All of the election leaflets available for this ward are listed at Liberal Sellout.
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Insult to Injury

Edinburgh Trams - Not travelling down Leith Walk in 2014Leith Walk and Constitution Street have indeed suffered from the trams over the past five years. We’ve lost the bronze pigeons, Sherlock Holmes, quite a few businesses have closed down…. it’s a mess. Edinburgh Council has a vision and 3.4 million, which carefully and sensibly spent might make this one of the finest streets in Edinburgh. (But who trusts the council to spend sensibly and with regard for what people want?)

Besides, there’s a million pounds worth of work to be done fixing the roads before the “vision” work can start.

I wrote in March:

Leith Walk is one of the most characterful, the richest in variety and busy with local businesses and people who live and work there. I want Edinburgh Council to treasure what the city has. I don’t believe they do.

Ray Perman wrote in May last year:

The Walk is wide enough to have a broad central reservation with shrubs and trees – like the one which runs along the broader part of East Claremont Street. But what do we have instead? The cheapest, nastiest black rubber blocks, bolted together. If they weren’t ugly enough, they are flanked by unnecessary white lines, hatched on the road. For what? To deter motorists from parking in the middle of the road?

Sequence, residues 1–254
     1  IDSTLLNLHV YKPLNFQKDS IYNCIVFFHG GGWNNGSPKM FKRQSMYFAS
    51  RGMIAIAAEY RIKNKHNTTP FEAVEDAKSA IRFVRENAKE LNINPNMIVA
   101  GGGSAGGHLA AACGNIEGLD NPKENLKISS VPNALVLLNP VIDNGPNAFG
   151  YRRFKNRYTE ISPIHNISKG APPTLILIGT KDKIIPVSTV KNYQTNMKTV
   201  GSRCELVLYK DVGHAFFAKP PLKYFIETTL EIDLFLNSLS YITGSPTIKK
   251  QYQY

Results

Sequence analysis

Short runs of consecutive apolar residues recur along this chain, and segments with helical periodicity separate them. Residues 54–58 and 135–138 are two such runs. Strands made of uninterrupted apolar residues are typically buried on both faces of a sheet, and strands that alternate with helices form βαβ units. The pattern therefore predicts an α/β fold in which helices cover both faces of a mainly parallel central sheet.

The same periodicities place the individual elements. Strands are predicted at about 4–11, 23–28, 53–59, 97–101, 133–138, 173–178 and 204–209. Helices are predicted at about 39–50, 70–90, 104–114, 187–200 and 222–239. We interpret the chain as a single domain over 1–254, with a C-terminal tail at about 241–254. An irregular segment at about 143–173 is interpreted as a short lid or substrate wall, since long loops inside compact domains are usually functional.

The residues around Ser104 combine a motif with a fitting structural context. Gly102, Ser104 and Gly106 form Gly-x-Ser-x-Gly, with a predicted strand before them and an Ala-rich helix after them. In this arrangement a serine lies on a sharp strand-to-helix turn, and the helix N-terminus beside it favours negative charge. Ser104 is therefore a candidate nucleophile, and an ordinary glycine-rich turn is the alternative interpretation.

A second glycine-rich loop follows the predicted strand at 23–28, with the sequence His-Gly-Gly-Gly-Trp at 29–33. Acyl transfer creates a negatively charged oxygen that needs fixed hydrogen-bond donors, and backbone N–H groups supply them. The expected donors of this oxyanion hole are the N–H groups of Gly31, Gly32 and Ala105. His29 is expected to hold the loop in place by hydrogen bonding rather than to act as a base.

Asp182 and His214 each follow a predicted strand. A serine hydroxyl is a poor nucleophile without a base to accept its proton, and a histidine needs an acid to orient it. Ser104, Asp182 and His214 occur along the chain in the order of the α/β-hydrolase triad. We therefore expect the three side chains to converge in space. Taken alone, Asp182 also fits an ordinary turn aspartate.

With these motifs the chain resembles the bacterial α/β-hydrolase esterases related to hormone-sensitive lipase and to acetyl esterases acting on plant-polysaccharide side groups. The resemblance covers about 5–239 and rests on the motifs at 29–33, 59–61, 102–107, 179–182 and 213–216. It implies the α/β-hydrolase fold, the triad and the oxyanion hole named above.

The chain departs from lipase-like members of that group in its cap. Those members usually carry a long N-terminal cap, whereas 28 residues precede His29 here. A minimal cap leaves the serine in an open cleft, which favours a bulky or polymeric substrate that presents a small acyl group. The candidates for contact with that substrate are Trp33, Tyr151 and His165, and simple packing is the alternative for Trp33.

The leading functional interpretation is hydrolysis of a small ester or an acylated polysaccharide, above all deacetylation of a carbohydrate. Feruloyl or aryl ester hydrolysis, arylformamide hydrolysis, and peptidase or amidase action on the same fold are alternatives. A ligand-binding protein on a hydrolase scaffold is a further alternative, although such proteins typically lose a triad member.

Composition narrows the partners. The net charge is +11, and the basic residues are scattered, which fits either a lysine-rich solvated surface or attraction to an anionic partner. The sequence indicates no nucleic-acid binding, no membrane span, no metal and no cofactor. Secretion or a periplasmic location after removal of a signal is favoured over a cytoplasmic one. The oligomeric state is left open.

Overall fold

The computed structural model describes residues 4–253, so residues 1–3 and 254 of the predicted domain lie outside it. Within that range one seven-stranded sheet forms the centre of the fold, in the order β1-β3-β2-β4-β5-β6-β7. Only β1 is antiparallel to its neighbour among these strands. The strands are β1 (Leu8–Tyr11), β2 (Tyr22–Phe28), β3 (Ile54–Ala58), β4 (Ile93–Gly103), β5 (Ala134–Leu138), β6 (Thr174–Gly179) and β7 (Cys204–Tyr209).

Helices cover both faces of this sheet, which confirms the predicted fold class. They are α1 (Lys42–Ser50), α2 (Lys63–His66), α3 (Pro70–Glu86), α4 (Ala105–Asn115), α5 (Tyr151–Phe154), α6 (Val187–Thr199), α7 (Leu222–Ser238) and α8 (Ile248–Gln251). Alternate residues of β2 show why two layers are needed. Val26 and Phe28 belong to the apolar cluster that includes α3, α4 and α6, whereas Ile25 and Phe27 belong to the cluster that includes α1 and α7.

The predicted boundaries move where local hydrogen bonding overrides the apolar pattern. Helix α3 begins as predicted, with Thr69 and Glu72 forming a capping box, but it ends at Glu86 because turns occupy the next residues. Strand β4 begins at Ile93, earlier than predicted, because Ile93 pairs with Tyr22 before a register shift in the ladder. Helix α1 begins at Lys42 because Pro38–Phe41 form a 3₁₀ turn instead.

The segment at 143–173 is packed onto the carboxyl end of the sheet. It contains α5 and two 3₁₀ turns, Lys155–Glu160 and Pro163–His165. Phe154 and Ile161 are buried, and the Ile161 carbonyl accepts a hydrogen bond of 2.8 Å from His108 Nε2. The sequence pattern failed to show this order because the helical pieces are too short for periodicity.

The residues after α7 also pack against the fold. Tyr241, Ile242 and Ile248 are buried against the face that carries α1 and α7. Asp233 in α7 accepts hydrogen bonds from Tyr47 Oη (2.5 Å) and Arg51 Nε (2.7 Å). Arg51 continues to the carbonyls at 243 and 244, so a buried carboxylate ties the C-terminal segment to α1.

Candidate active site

The whole effect is ghastly, but just think what Leith Walk could become. Continue reading

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Monday links roundup: timey-wimey detector

Tracked you down with this. This is my timey-wimey detector. It goes ding when there’s stuff. Also, it can boil an egg at 30 paces, whether you want it to or not, actually, so I’ve learned to stay away from hens. It’s not pretty when they blow. Doctor Who